Rodin garden roses and shrubs
Rodin garden roses and shrubs

In addition to the abundance of plants, the garden is also decorated with some of Rodin’s sculpture.  Rodin started to place selected works in the garden in 1908, together with some of the antiques from his personal collection. Male and female torsos, copies made in the Roman or modern period, after Greek works, were presented in these natural surroundings. Other pieces were added after his death. The first bronzes were erected in the gardens before World War I. Since 1993, they have been regularly cleaned and treated so as to preserve their original patinas.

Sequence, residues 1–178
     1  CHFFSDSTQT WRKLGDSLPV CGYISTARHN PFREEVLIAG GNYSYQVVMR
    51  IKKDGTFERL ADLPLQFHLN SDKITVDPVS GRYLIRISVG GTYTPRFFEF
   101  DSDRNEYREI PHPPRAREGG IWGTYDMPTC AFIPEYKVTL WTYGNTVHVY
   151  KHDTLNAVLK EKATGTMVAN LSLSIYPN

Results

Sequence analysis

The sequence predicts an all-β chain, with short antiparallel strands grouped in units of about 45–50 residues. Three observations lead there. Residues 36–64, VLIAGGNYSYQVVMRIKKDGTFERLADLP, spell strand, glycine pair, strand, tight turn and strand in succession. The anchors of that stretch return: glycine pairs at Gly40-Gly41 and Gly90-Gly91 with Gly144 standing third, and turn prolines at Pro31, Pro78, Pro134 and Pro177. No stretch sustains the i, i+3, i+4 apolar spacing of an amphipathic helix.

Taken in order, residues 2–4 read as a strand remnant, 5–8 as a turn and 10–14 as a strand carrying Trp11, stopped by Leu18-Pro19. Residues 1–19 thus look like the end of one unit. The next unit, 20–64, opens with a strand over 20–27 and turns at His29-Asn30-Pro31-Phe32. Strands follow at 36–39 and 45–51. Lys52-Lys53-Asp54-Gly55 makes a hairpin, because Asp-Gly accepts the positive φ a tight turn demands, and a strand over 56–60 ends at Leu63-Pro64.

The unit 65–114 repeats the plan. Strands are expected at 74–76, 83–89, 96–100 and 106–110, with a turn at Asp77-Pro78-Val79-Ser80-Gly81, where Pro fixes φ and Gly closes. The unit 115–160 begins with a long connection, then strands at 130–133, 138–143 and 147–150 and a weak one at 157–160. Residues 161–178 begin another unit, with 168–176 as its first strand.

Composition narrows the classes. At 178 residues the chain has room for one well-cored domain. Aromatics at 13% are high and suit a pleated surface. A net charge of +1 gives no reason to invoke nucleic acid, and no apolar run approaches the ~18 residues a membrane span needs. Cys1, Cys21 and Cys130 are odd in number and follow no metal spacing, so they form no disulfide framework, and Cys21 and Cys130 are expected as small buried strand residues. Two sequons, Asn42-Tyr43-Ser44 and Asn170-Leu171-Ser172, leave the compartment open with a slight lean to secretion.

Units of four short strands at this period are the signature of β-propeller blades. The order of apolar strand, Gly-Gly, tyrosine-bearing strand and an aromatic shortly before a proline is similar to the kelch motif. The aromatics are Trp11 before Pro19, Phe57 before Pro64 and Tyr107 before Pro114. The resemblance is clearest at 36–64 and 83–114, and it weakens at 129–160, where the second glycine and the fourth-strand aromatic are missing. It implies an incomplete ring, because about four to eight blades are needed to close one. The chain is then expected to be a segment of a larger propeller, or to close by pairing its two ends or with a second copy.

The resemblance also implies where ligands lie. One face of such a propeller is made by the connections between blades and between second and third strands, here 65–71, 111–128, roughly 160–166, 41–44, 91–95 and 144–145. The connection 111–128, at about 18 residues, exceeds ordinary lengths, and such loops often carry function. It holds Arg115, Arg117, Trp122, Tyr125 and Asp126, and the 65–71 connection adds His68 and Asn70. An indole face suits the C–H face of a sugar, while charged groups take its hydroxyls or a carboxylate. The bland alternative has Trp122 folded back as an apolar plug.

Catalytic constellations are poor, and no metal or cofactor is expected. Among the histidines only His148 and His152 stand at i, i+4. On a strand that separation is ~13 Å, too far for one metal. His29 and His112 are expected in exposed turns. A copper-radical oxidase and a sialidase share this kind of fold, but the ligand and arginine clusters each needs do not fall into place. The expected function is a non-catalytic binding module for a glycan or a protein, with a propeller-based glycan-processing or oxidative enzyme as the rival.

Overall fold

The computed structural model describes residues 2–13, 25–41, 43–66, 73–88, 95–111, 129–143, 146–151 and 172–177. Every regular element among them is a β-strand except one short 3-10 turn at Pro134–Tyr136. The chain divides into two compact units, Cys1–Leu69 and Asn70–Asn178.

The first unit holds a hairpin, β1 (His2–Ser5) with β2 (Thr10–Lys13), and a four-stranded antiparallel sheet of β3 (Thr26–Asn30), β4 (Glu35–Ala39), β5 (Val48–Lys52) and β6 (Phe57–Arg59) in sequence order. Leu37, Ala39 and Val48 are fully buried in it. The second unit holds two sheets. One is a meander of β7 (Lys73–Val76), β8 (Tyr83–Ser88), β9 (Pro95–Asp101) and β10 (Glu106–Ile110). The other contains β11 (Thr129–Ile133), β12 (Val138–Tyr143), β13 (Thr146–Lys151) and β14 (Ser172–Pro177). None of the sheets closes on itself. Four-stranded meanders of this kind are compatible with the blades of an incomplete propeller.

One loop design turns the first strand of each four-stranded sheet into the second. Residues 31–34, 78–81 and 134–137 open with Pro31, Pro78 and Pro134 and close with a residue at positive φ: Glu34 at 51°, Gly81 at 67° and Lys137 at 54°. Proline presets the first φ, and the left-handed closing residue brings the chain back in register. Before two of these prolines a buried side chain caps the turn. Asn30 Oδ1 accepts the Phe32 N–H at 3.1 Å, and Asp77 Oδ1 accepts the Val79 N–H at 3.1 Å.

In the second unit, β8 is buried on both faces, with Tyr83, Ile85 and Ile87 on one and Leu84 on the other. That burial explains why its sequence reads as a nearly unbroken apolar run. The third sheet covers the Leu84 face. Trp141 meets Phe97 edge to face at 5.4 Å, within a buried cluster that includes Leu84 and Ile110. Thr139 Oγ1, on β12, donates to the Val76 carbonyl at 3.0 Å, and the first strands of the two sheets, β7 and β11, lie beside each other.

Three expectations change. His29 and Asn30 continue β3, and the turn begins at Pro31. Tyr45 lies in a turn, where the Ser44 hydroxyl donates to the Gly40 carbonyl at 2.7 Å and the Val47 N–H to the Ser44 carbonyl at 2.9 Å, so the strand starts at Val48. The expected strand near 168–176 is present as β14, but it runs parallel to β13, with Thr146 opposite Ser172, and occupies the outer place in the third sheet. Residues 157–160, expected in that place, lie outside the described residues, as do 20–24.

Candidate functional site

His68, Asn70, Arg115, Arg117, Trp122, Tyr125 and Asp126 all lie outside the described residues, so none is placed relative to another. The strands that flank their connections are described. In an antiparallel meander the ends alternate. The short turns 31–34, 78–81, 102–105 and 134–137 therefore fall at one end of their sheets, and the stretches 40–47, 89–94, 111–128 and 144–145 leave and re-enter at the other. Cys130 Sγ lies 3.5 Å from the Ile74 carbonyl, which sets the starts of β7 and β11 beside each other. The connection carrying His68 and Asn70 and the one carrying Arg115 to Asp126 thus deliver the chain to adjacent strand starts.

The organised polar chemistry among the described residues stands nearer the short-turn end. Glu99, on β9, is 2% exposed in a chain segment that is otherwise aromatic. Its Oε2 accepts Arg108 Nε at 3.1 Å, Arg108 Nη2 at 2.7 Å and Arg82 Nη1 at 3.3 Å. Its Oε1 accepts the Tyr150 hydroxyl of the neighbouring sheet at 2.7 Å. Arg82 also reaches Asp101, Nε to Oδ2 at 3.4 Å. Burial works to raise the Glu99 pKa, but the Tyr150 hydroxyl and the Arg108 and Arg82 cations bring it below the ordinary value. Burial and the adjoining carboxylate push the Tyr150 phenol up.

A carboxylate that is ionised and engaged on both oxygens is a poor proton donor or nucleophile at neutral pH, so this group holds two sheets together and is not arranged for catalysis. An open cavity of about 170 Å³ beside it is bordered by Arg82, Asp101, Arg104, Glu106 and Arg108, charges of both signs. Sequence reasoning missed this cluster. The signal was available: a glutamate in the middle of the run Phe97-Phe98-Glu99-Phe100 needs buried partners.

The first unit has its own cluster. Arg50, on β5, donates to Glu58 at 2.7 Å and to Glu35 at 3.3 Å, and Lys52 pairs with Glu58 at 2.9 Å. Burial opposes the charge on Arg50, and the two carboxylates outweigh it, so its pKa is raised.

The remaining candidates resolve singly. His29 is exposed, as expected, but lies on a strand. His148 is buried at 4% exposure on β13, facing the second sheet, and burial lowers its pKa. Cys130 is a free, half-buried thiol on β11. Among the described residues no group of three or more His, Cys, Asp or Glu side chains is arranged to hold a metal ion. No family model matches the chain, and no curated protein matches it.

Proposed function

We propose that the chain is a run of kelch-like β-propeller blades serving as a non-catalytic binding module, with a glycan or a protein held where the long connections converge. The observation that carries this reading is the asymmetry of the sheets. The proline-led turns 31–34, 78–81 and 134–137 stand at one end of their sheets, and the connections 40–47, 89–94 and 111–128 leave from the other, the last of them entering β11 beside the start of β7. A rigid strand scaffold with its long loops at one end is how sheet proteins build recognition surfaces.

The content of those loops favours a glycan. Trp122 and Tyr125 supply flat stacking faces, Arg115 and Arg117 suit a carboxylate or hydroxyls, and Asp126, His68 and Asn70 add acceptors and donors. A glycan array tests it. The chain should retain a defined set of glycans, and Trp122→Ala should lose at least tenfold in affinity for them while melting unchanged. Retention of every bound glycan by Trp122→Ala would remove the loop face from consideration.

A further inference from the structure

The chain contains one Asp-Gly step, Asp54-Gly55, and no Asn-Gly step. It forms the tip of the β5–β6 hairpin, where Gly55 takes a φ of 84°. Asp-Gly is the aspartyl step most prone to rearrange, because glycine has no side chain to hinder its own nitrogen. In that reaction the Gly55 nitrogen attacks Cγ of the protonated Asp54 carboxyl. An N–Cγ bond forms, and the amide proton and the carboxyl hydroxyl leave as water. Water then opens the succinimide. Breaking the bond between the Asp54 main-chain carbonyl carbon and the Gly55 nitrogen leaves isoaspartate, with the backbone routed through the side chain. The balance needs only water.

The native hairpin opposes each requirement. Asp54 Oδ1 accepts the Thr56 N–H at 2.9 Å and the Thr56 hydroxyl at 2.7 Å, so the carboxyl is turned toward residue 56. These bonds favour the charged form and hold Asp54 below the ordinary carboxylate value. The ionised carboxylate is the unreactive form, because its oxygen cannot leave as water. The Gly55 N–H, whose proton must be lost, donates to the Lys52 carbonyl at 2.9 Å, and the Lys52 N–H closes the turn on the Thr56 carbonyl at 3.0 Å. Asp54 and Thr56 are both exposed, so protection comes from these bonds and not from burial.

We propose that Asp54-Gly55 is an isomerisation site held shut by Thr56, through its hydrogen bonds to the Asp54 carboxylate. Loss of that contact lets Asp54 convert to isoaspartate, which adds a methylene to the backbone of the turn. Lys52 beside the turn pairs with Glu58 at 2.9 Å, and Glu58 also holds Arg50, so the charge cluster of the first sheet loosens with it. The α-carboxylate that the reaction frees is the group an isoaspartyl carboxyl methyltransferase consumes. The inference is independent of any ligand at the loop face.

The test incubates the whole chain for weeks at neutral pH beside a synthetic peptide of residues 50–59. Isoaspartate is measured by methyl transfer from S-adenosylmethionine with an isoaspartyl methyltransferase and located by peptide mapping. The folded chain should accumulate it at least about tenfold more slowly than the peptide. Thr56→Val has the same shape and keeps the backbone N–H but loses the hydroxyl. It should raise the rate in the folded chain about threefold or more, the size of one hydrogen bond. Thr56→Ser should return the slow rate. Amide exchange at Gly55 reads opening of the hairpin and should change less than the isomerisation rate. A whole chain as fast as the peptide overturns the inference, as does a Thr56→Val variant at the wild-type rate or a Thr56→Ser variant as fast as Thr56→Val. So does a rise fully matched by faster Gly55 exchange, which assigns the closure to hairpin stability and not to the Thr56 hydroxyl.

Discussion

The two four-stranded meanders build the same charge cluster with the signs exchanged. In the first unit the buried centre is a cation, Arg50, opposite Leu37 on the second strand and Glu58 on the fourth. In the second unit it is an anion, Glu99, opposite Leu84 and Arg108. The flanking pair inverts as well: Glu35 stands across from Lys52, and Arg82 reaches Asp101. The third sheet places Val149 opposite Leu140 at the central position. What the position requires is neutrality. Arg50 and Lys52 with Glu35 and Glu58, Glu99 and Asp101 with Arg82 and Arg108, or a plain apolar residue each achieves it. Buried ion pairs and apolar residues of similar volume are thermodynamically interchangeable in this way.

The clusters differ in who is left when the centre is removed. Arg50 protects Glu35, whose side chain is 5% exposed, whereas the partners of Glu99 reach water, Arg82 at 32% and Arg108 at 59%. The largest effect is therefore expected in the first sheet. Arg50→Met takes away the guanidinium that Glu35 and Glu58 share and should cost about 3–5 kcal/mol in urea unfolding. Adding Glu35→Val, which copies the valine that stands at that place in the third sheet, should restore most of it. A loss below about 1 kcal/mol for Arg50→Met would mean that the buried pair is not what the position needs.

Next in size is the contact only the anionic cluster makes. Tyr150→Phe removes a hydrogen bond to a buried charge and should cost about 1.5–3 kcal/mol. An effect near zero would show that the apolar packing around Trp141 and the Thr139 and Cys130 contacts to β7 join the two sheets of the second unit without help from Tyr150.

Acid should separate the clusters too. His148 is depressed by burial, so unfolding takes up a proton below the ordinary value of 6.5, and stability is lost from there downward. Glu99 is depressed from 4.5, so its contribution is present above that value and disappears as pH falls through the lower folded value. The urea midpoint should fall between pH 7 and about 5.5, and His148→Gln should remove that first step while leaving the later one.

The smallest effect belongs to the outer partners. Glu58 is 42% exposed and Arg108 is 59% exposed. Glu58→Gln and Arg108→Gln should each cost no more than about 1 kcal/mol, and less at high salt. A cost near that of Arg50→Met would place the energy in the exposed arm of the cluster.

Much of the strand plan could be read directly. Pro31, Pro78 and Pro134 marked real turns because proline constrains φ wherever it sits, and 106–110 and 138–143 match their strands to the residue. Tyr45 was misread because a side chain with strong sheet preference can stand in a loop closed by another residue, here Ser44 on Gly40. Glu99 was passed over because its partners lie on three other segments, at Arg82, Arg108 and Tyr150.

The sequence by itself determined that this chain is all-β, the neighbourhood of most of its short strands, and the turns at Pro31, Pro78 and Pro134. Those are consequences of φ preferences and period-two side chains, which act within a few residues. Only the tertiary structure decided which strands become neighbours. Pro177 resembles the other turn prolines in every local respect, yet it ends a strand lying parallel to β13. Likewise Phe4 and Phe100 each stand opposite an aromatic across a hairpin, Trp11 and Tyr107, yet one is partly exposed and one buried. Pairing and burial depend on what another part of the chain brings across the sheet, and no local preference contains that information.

Rodin mansion 3

Anyone who has visited Paris knows the frustration of wanting to see more, to do more, than limited time will allow. Tourists have to be selective, discriminating, and reasonable about what they will be able to cover during the time they are in the city. Any attraction that offers more than one type of experience is probably worth including. The Musée Rodin fits that description with historic architecture and provocative sculpture but also a landscape that is in itself a work of art, offering the visitor an opportunity to rest and reflect.